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vaccinations during pregnancy

 It depends on the type of vaccination vaccines, such as the seasonal flu vaccine,  the tetanus vaccine, are recommended during pregnancy, which is absolutely safe when needed.
vaccinations during pregnancy

Vaccines during pregnancy

  1. If the vaccine involves the use of a "living" version of the virus, such as the MMR vaccine, it is usually given after the child's birth, as these vaccines could cause the fetus to become infected, There is no evidence that a live vaccine causes birth defects.
  2. In some cases, a live vaccine may be used during pregnancy if the risk of infection exceeds the risk of vaccination.
  3. Your doctor or midwife acter may give you more advice about vaccinations during pregnancy.

Seasonal flu vaccine:

  1. All pregnant women are offered seasonal flu vaccination as they are at increased risk of developing a serious flu disease.
  2. Gp practices will update patient records during flu season, which lasts from early October to January or February, and will pay special attention to women who become pregnant during this time.
  3. The seasonal flu vaccine can be safely given at any stage of pregnancy.

Whooping cough vaccine:

Pregnant women can help protect their vaccinated children against whooping cough. Vaccination helps protect your child from whooping cough in the first few weeks after birth, as she will receive some immunity from you.

The best time to get the whooping cough vaccine is between 20 weeks (after the scan) and 32 weeks, But if for some reason you lose the vaccine, you can still have it until you get to work.

Hepatitis B vaccination:

If you are at high risk of hepatitis B counterfeiting and are thinking about a baby, you are advised to have the hepatitis B vaccine.

The hepatitis B vaccine is not a live vaccine and there is no evidence of a risk to you or your child.

Can I take travel vaccinations during pregnancy?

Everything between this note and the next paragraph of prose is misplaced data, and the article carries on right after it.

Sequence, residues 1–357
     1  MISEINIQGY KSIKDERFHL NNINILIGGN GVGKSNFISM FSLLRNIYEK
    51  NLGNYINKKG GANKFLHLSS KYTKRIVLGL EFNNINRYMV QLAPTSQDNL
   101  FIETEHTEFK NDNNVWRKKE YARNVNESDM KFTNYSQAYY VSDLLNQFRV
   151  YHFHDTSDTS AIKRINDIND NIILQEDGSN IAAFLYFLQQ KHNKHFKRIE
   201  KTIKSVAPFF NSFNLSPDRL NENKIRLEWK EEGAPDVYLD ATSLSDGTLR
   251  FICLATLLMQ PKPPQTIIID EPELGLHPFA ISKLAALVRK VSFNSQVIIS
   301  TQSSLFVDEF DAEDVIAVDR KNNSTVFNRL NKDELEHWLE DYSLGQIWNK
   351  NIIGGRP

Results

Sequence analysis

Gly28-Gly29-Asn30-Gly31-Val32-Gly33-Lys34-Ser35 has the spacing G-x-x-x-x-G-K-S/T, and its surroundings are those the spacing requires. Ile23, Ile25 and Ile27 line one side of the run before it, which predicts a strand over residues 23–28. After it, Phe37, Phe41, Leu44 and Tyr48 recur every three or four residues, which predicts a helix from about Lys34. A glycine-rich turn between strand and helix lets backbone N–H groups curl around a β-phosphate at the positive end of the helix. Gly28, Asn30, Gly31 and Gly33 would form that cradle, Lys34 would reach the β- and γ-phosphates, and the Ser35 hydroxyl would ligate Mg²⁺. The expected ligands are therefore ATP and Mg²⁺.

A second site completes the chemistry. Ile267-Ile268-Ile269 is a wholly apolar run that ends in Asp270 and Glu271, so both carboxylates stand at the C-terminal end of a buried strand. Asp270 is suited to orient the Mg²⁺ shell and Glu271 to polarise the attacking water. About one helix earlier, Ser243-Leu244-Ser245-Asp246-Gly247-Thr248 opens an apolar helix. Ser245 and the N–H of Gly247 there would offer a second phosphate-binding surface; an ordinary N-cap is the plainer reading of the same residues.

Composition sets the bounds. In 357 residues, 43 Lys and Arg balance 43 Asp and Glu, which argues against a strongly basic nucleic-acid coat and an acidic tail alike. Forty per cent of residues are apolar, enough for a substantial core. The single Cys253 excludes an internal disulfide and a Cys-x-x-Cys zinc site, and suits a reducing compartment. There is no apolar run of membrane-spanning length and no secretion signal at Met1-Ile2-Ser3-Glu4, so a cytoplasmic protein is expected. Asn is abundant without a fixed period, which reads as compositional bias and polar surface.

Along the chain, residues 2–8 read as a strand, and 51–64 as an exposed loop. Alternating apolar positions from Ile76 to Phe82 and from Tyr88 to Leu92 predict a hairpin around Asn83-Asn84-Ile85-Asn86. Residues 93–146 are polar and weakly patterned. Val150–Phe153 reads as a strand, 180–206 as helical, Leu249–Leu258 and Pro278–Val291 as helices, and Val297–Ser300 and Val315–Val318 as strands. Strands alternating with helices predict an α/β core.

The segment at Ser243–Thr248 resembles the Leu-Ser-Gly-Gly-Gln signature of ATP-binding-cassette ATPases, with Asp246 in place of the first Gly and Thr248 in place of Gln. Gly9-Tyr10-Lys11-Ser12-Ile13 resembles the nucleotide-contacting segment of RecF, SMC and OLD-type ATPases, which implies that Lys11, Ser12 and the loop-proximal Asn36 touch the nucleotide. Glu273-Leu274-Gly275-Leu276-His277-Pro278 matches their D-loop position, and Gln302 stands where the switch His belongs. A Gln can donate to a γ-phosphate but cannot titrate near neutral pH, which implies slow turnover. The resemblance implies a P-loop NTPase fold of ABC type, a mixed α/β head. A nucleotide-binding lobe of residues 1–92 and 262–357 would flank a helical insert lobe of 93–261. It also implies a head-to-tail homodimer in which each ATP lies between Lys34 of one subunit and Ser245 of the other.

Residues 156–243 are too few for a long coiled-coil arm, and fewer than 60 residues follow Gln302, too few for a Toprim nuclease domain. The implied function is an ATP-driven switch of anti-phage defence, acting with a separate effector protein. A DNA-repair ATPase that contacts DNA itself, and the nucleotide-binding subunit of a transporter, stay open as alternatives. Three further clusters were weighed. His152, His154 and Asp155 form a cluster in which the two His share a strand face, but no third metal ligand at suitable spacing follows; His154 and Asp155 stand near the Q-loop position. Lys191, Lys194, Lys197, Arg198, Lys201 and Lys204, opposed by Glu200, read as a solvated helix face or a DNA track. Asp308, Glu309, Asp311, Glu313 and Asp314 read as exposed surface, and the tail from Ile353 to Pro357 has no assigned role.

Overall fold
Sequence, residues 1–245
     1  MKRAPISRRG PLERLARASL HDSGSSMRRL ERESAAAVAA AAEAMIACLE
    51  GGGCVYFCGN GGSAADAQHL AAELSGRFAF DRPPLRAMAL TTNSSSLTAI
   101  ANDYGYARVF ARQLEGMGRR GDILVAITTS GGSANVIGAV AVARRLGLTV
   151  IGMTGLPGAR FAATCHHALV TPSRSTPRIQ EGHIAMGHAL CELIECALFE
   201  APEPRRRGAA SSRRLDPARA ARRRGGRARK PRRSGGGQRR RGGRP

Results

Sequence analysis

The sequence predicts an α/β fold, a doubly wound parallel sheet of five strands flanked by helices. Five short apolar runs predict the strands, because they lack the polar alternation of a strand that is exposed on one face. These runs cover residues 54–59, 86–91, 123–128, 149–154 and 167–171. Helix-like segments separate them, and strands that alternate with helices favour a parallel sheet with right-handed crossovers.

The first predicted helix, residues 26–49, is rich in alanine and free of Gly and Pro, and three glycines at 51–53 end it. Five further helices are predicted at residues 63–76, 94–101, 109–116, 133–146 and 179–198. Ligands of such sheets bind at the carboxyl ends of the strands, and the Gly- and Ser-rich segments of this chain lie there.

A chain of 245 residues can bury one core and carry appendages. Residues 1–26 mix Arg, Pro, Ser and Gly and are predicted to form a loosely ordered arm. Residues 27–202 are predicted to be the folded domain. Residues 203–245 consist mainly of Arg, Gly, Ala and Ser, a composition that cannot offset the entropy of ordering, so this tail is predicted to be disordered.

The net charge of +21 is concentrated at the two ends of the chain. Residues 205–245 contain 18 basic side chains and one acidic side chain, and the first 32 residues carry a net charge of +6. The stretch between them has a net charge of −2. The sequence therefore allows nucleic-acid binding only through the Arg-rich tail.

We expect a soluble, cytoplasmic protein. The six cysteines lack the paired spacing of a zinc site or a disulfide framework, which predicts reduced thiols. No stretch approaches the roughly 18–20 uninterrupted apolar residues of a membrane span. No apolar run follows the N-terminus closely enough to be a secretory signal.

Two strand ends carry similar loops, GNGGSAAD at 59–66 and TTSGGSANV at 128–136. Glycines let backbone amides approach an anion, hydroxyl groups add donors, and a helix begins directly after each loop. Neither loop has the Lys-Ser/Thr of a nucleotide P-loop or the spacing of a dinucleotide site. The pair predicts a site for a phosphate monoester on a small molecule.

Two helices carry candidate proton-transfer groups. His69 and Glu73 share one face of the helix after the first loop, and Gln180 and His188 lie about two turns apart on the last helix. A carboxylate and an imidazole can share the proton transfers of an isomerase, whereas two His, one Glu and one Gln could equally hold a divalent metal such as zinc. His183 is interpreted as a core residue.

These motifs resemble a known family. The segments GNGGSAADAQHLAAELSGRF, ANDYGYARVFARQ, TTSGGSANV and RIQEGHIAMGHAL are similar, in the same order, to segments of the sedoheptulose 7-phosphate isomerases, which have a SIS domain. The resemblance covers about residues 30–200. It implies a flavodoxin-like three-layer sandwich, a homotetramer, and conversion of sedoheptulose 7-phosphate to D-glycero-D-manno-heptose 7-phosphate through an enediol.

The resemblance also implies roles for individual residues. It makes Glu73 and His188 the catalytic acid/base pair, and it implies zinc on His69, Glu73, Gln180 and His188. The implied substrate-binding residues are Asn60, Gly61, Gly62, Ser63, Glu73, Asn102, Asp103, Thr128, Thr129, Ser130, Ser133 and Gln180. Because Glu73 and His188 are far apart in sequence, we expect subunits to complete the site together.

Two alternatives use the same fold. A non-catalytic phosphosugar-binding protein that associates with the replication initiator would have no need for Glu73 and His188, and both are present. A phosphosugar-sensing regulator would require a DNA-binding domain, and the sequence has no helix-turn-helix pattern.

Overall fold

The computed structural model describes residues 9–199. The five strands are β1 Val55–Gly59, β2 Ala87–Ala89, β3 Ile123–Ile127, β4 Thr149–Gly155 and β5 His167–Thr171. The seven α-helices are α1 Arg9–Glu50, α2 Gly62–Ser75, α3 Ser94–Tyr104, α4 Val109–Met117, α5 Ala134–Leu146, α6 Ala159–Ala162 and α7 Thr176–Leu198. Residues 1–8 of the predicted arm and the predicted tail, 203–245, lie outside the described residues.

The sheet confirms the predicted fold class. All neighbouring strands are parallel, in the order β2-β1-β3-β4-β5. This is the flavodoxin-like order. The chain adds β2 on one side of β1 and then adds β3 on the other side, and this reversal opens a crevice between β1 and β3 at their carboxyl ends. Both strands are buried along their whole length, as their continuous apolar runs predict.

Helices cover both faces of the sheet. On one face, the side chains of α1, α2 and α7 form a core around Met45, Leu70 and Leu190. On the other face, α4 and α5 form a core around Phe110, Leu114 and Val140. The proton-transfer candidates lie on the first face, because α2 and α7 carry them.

While pregnant, it is best to avoid visiting countries or areas where vaccines are needed.

Live Vaccines:

Live vaccines are considered the greatest risk. This type of vaccine contains a small amount of live viruses that can potentially affect your child.

Live vaccines include:

  1. BCG (TB vaccination).
  2. MMR (mumps, measles, and rubella).
  3. polio (part of vaccine 6 in 1 for newborns).
  4. oral typhoid.
  5. Yellow fever.

It may not always be possible to avoid destinations that need to be vaccinated during pregnancy, In this case, talk to your family doctor, who can explain the risks and benefits of vaccination you need.

If there is a high risk of disease in the area where you travel, it is often safer for you to have a vaccine than to travel unprotected, This is because most diseases are more harmful to your child than a vaccine.

Pregnancy and malaria:

Pregnant women are particularly sensitive to malaria. This is a very serious disease that can be fatal in serious cases for both a mother and her child, malaria mainly affects countries in:

  1. Africa.
  2. South and Central America.
  3. Asia.
  4. Middle East.

If possible, you should avoid traveling to countries in these areas if you are pregnant. However, if you cannot postpone or cancel your trip, preventive treatment is possible, The treatment you receive depends on the stage of pregnancy.

If you are pregnant, you should take precautions against insect bites. For example, you must:

  1. use a mosquito repellent that is specifically recommended for use during pregnancy.
  2. Wear a long-sleeved top, pants, and long socks to cover your skin from dusk to dawn.
  3. sleep always under a mosquito net.
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